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The Goldilocks Degree

Offer one, two, three, and four year degree options from the same high quality, high prestige universities.

Photo of Jim Rosenberg

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Who is the target audience for your idea and how does it reimagine the cost of college?

This concept is targeted at university administrators who would approve, design, and offer new degree options. This idea would give students the opportunity to spend much less for brand name degrees. And it doesn't require disruptive or complex change.

Let's break the constraint of the four year degree, and offer one, two, three, and four year degree options from the same high quality, high prestige universities. Students can decide what they need from the school: many years to explore options and ideas, a very tight focus on core learning for a specific path, or something in the middle. And in that way, students can get top credentials and control their costs.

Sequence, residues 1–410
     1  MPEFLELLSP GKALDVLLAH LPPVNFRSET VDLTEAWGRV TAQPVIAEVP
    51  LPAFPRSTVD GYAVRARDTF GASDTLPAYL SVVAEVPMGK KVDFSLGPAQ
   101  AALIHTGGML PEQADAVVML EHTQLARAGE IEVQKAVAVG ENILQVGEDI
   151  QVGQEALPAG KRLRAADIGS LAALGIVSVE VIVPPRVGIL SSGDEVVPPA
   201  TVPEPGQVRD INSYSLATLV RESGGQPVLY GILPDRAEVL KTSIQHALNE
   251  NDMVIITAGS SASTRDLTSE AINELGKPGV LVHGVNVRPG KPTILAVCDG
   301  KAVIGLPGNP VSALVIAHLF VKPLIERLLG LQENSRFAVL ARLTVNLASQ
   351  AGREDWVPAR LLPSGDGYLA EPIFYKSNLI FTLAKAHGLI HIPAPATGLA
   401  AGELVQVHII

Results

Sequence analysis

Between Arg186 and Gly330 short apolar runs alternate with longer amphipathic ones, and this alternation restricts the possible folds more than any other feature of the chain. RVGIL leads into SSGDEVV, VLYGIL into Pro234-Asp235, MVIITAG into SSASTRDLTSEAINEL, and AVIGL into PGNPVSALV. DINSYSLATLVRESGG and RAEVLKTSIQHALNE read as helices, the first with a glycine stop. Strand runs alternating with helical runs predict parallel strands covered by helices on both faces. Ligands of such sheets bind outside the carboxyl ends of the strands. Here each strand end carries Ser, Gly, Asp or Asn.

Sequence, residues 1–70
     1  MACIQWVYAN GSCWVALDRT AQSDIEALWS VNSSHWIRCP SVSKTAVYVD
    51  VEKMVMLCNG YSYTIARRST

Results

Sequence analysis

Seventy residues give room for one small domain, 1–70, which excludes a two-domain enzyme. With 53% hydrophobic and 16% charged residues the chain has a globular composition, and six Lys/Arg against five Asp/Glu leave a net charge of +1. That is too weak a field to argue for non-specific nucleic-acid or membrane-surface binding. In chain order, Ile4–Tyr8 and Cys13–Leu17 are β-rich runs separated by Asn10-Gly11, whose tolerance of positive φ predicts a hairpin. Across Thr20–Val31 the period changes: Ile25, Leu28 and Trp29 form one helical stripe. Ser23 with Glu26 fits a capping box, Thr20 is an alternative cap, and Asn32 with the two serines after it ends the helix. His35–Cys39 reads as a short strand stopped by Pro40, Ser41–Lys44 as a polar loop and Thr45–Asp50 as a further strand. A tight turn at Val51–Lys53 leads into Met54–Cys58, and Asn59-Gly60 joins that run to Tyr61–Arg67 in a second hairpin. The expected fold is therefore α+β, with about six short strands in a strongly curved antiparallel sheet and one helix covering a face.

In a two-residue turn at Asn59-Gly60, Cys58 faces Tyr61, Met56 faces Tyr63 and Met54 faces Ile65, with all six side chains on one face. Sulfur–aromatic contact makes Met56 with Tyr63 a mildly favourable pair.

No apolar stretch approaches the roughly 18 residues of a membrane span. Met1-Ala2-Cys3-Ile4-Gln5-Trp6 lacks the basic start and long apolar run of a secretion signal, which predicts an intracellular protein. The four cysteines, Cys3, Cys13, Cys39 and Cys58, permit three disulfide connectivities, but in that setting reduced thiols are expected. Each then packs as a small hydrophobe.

Helping students "learn how to think" is an important goal of a university. The four year bachelor's degree is intended to deliver on that promise. This goal can still be accomplished in these shorter time frames and using the domain of knowledge that the student chooses as a focus. The university needs to make sure it is designing all classes to push that type of critical and creative thinking, not just rote learning. In that way, all students in all degree options build the essential skills of critical thinking and expression. Four years of that kind of academic work should have more impact than one year, but the "pick your degree" approach moves the choice of "how much to buy" to students rather than administrators.